Occlude owes its popular usage to the dental term occlusion , "the fitting together of the teeth of the lower jaw with the corresponding teeth of the upper jaw when the jaws are closed."

Irreverent example:
My grandma and grandpa complemented each other like well occluding teeth.
---
During a lunar total eclipse the sun's orb, as seen from the moon, is fully occluded by the earth. When the sun starts to reappear, a stunning sight is revealed to the moon people.
Spoiler: show
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---
Instead of a canorous clarion call to announce the parade's start, the trumpeter produced a ridiculous squeak. And a rude cuss. Some prankster had occluded the trumpet's mouthpiece with a large wad of chewing gum.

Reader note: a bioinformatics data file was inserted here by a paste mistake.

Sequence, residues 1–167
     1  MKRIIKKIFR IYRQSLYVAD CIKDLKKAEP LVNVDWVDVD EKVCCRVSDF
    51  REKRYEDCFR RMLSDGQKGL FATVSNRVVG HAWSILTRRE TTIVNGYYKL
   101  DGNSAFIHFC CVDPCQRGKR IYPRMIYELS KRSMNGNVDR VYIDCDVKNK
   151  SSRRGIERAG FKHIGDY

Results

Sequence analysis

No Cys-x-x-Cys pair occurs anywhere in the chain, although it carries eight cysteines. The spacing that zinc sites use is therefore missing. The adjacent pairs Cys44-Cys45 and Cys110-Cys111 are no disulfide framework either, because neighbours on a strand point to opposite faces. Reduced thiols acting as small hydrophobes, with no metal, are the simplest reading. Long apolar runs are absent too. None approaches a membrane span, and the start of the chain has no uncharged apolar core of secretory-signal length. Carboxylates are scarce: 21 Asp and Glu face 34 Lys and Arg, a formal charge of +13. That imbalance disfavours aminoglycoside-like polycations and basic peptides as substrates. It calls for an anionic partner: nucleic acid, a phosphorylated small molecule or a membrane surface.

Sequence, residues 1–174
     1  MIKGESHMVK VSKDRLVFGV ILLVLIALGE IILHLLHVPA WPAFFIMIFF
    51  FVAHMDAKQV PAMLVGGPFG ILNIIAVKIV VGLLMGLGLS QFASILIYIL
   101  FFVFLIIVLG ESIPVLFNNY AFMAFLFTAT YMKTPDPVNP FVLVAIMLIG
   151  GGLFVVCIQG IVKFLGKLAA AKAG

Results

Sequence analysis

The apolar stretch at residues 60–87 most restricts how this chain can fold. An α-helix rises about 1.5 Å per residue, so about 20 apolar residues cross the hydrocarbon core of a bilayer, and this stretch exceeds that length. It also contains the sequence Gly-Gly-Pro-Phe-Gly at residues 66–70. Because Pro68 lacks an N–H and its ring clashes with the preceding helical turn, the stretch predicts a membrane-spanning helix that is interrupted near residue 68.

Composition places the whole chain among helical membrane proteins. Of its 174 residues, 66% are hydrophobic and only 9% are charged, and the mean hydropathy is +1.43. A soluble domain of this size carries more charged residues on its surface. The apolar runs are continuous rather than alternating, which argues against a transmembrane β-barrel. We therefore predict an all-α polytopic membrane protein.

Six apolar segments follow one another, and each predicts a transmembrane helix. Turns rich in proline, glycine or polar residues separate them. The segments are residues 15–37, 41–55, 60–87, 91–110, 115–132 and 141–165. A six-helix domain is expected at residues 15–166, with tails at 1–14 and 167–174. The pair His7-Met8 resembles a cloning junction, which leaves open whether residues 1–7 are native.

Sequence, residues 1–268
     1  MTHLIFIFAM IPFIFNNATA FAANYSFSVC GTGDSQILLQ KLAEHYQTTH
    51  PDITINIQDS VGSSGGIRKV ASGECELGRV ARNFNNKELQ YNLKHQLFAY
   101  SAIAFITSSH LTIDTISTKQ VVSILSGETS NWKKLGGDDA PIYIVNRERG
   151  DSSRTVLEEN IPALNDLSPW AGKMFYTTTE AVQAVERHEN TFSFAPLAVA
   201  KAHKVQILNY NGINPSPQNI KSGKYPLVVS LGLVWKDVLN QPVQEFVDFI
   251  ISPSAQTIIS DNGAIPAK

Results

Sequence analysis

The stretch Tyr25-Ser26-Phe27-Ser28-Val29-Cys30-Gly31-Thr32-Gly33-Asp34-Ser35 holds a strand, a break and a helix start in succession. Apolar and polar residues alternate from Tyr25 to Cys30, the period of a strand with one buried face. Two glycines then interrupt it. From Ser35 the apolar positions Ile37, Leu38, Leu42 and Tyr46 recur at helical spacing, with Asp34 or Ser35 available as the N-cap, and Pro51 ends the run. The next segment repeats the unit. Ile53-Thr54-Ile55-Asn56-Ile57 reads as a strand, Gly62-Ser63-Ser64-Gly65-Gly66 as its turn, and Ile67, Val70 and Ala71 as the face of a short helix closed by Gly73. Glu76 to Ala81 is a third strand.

Though the band had several other cornets available to sound the call, the parade started a full fifteen minutes late. It took that long for the infectious giggles and sotto voce jibes to die down and the band to recover their usual aplomb and dignity.
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Re: GAME: Word of the Day (WOTD)

Postby Algot Runeman » Sun Aug 22, 2010 10:14 am

Bubba's aunt Clara was excited to have her nephew around for the summer. She didn't know about his trouble, just his acknowledged high spirits. Her older sister wasn't proud of Bubba's accomplishments, and hadn't involved Clara in the details, preferring Clara remain in the dark. Bubba's mom and his aunt hadn't been close since Clara moved to the Big City, first marrying a rich old guy and then inheriting his money, his houses, his connections. Bubba's mom didn't actually think ill of sister Clara, but had some hopes that Clara's luck might actually rub off on Bubba.